Top 5 Tips From the Los Angeles Olympic Marathon Trials

By Jonathan Levitt Feb 23, 2016

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Many of you may know me as the Sales Manager here at InsideTracker. What you may not know, is that when I'm not at my desk, I can frequently be found hitting the pavement alongside many of our users. I run to and from work most days, actively participate in November Project workouts (more on that later), and have run 3 marathons with another on the horizon.

Having recently spent a week in Los Angeles leading up to the Olympic Marathon Trials, I wanted to share the top five lessons I learned from the best marathoners in America, many of whom are InsideTracker users!

1. Mental strength wins the race

By the time the Men’s race started at 10:00 a.m. the temperature had already reached 70 degrees and steadily climbed from there. The towering skyscrapers of Downtown Los Angeles provided no shade on the route, nor was there a cloud in the sky. With conditions like these, it turns into a mental battle: how long can you hang on when you’re at your worst? Your keys to success: proper fueling, hydration, and stress management.

Cortisol, the stress hormone, is a useful way to measure how your body (and mind!) is responding to your training on a daily basis. Is it too much? What things can and should you do to help improve?

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2. Adjust to your destination's time zone in advance

When possible, do your best to adjust to your destination's time-zone in advance. Shift your bedtime and waking time by a couple of hours in the week leading up to your trip. Knowing how tough jet lag was the last time I was in California, I aimed to go to bed two hours later and wake up an hour later in the week leading up to the Trials. On the day I traveled, this meant I either needed to break the routine, or skip a workout. My coach and I both agreed that skipping the workout that morning in favor of a later wake up was well worth it.

3. Healthy gut, happy traveler

While traveling cross country and while preparing the body to train and compete at a high level, gut health is something more and more people seem to be focusing on. There are companies designing probiotics specifically for athletes. Our friend Mike Wardian works with Sound Probiotics, and I’ve been taking their probiotic for the last month as well. Too often we find ourselves getting sick after flying or racing. By improving your gut health, you can reduce the likelihood of this happening.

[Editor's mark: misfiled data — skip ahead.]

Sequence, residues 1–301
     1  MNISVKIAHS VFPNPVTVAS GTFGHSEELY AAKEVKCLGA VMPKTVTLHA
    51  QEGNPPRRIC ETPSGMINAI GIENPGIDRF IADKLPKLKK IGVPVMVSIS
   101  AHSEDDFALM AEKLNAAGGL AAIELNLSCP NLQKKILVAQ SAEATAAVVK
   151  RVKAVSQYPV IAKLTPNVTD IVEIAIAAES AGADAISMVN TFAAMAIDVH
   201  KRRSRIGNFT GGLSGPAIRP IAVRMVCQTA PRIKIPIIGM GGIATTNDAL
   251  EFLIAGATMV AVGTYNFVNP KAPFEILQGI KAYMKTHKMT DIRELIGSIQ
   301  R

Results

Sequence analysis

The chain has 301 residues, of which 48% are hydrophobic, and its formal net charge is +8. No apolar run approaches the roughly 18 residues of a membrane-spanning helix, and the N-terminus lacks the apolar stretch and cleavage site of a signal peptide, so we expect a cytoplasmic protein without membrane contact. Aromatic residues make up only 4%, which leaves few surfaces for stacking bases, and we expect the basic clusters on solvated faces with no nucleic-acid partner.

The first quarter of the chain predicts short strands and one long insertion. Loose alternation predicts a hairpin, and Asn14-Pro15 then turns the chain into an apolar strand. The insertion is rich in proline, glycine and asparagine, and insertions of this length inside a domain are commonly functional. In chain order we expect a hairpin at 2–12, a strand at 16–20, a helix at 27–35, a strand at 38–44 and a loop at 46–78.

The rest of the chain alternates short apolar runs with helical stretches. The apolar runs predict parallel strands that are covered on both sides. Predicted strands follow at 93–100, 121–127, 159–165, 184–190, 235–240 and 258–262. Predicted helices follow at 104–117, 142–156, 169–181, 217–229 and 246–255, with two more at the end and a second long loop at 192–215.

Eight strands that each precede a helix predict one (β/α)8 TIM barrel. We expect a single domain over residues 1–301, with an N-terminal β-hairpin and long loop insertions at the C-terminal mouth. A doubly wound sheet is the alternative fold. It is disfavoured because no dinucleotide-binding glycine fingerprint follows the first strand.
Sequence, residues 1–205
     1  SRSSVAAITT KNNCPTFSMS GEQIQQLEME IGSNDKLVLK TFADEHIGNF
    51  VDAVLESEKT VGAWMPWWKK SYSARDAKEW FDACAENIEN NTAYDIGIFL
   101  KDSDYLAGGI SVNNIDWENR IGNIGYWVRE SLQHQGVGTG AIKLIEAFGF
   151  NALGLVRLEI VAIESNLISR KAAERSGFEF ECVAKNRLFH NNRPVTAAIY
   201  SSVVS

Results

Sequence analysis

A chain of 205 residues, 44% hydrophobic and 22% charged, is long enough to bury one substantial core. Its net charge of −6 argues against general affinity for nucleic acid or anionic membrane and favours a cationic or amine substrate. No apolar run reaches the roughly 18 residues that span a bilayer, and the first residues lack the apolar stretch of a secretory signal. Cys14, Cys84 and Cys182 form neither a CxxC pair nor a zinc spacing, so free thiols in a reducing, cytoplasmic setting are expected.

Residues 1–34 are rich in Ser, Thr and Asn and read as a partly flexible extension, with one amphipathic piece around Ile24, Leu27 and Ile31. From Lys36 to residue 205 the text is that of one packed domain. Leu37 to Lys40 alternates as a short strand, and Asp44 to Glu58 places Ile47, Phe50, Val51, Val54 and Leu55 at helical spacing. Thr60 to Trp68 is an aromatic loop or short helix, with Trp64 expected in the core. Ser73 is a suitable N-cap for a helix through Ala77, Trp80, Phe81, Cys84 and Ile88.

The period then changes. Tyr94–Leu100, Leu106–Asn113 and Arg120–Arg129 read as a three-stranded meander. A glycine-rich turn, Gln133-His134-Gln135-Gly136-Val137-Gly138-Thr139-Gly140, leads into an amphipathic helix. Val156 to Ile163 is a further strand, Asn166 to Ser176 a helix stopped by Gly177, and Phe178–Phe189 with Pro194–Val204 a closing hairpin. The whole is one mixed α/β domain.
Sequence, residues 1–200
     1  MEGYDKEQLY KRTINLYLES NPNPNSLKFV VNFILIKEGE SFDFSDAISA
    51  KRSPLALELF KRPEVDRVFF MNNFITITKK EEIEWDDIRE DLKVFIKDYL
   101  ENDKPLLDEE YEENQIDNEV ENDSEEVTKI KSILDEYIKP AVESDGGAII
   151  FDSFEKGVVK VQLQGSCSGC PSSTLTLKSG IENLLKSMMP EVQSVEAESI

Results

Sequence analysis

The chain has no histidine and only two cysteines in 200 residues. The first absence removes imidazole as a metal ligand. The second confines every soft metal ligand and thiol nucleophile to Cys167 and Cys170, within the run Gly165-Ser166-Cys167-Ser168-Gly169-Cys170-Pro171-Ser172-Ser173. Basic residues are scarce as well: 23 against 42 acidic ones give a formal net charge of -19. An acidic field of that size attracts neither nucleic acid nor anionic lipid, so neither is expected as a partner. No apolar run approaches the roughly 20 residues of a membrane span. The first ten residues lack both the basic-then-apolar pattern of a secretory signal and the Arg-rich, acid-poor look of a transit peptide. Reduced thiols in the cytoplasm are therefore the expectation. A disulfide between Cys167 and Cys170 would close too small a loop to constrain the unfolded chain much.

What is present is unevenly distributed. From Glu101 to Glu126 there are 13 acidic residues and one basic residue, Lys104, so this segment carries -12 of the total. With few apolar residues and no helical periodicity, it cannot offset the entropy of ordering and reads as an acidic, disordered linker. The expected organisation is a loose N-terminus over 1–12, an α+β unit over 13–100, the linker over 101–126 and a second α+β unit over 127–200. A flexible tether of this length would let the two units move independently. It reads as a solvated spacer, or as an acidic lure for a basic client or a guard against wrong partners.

4. It takes a village, “never give up on your dream.” -Meb

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Generation UCAN invited the InsideTracker team to a post race meet and greet with Meb (Mebrahtom Keflezighi), who made the Olympic Team for 2016 and placed second overall. Meb spoke about how his family makes so many sacrifices that the average fan isn’t aware of. His message hit home with the elite athletes in the room. Andrea Duke, 2016 Olympic Trials runner wrote, “Surround yourself with people that believe in you. In order to accomplish your goal, you need to have full support in all aspects of your life.”

5. Practice with positivity - you'll recover faster

"You'll recover faster from your workouts if you're a positive person." Paraphrasing again from the post race event with Meb, and the science certainly supports it. Our team loves November Project workouts (located in 30 cities across North America and Europe) for the positivity and incredible energy that surrounds the workout. Hugs are encouraged, and a “Positivity Award” is given to members that consistently push others to be their best. Don’t sweat the small things, and be sure to check out some of our blogs on how to manage stress effectively through diet and lifestyle.

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